Like any person who's had a panic attack about being stuck in the wilderness alone for a night, I always carry some kind of fire starter when I go into the woods. I spent the past two weeks testing five of the most popular tools, ranking them based on ease of use, price, and packability. Just be sure to practice with whichever you choose so you’re not learning in the field during an emergency.
#5: Leatherman Signal Multitool with Fire Starter ($100)
Best For: Being prepared for all kinds of backcountry emergencies.
How It Works: There’s a ferrocerium rod inside this Leatherman. Use the back of one of the tool’s blades to scrape the rod and get a spark.
Results: I found this ferrocerium rod more difficult to use than the Aurora Fire Starter because it was smaller and produced fewer sparks. It took me a full 30 minutes to get a dry fire started. That said, the Leatherman comes with a sharp saw and blade for cutting kindling, plus a host of other useful backcountry tools.
#4: Aurora Fire Starter ($23)
Best For: Backcountry ounce counters.
How It Works: This is a magnesium rod that sends sparks flying when it’s scraped with the included striking blade. It doesn’t work well when wet, but comes in a waterproof case.
Results: It took me six strikes to scrape the rod correctly, but once I did, it sent a powerful flame onto the cotton ball I used as fuel and immediately set it ablaze. I like that the whole kit comes in a ChapStick-size tube and weighs just 1.7 ounces.
#3: Cotton Balls Covered in Vaseline ($.25)
Best For: Cheap, lightweight insurance.
How It Works: No, this isn’t a fire-starting tool, but I wanted to include this concoction anyway because these swabs are so useful in the field that I always carry at least a dozen with me. I let the balls soak in the jelly for about an hour, then pack them into a plastic container. Since Vaseline is petroleum-based, and petroleum is extremely flammable, these balls catch fire as soon as they come into contact with a spark.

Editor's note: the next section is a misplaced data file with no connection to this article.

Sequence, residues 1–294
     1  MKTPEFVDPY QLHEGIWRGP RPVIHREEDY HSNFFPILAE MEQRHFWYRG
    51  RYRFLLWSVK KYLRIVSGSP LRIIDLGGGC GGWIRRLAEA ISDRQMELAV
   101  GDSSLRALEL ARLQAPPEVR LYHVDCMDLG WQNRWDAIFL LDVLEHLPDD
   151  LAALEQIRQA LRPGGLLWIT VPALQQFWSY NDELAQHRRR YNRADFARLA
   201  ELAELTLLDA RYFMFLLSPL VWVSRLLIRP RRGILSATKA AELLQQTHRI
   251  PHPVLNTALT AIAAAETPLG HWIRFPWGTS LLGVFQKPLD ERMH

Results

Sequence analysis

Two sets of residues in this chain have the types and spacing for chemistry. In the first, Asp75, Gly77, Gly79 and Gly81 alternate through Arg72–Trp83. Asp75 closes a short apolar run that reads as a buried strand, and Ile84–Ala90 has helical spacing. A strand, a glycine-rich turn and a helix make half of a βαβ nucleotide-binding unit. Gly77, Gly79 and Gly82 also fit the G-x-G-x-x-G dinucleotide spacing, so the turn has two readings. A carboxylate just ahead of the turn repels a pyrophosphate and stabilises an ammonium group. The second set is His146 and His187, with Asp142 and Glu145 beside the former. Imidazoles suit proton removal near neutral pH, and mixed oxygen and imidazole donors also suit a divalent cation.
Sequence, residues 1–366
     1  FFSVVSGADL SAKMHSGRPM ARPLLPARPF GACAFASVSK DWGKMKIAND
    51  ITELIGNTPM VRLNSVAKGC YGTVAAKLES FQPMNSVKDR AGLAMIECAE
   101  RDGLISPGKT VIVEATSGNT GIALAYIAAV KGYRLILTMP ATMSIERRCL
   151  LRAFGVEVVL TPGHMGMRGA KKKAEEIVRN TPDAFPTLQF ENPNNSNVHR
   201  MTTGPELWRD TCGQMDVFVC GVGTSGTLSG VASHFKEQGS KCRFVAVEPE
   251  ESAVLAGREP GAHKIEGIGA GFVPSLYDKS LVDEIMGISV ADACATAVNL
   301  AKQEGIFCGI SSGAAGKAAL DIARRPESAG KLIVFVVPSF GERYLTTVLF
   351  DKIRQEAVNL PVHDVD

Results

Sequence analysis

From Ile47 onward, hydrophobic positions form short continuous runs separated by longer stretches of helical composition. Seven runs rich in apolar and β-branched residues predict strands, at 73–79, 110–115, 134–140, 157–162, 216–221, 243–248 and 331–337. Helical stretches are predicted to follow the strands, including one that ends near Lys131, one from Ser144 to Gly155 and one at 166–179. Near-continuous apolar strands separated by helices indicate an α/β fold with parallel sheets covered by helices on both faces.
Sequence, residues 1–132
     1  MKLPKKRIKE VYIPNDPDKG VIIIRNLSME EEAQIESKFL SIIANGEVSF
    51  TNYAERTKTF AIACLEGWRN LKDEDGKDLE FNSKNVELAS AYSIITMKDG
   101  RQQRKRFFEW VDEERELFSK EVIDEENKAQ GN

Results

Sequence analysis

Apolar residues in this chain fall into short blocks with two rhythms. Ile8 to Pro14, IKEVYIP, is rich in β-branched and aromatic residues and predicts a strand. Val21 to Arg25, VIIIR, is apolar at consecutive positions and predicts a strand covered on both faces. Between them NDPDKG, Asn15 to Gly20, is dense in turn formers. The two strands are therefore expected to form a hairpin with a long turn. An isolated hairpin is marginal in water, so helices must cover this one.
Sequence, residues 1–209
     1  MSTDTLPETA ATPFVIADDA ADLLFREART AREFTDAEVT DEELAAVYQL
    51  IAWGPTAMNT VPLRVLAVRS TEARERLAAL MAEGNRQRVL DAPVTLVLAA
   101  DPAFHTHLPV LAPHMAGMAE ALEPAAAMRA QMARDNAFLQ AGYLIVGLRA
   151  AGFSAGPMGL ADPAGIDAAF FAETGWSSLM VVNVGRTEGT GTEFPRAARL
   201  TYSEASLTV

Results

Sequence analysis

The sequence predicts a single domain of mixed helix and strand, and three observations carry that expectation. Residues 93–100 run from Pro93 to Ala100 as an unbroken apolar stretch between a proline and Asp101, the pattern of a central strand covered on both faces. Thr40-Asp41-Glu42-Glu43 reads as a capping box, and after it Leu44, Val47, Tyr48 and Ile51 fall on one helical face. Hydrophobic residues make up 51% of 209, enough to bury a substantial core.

Results: The balls will burn for more than 30 seconds when it’s not raining and up to 20 seconds during a drizzle. The petroleum adds extra fuel and burns hot, making these useful for lighting damp wood.
#2: UCO Titan Stormproof Match Kit ($10)
Best For: Pyro novices.
How It Works: Like normal matches—they’re just waterproof.
Results: To test the waterproof claim, I dunked each of these matches in water for 30 seconds. Each one still lit immediately and went on to burn for more than 20 seconds—plenty of time to ignite a well-prepared kindling-and-paper fire. The matches are also wind resistant.
#1: Pocket Bellows Weatherproof Kit ($25)
Best For: Starting a fire in the rain.
How It Works: This is a full fire kit that includes a waterproof ferrocerium rod and striker (for sparks), waterproof beeswax/olive oil wicks to catch the sparks, and a metal tube that you blow through to aim your breath and fuel the fire.
Results: This kit worked flawlessly. The rod and striker were easy to use. The wicks, which burn for more than three minutes, caught fire even after I’d soaked them in a glass of water. Blowing through the metal tube made the wicks roar with enough heat to catch sticks and grass on fire almost instantly.
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